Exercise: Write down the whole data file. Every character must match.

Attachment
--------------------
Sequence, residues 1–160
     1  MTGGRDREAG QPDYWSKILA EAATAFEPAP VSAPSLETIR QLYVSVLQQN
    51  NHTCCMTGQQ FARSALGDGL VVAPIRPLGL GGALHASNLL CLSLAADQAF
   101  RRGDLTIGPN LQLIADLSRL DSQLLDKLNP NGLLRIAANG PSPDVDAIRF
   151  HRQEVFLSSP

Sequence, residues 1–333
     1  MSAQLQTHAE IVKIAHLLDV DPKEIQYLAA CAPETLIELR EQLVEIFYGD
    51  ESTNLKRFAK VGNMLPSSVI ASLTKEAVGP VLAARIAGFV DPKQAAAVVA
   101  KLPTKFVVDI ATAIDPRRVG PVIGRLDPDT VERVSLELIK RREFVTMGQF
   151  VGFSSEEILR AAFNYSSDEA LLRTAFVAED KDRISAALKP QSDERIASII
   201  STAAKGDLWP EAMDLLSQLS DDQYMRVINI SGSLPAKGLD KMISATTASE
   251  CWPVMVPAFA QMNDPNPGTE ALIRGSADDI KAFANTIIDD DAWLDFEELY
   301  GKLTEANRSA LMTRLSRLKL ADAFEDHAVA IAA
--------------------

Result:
Sequence, residues 1–160
     1  MTGGRDREAG QPDYWSKILA EAATAFEPAP VSAPSLETIR QLYVSVLQQN
    51  NHTCCMTGQQ FARSALGDGL VVAPIRPLGL GGALHASNLL CLSLAADQAF
   101  RRGDLTIGPN LQLIADLSRL DSQLLDKLNP NGLLRIAANG PSPDVDAIRF
   151  HRQEVFLSSP

Sequence, residues 1–333
     1  MSAQLQTHAE IVKIAHLLDV DPKEIQYLAA CAPETLIELR EQLVEIFYGD
    51  ESTNLKRFAK VGNMLPSSVI ASLTKEAVGP VLAARIAGFV DPKQAAAVVA
   101  KLPTKFVVDI ATAIDPRRVG PVIGRLDPDT VERVSLELIK RREFVTMGQF
   151  VGFSSEEILR AAFNYSSDEA LLRTAFVAED KDRISAALKP QSDERIASII
   201  STAAKGDLWP EAMDLLSQLS DDQYMRVINI SGSLPAKGLD KMISATTASE
   251  CWPVMVPAFA QMNDPNPGTE ALIRGSADDI KAFANTIIDD DAWLDFEELY
   301  GKLTEANRSA LMTRLSRLKL ADAFEDHAVA IAA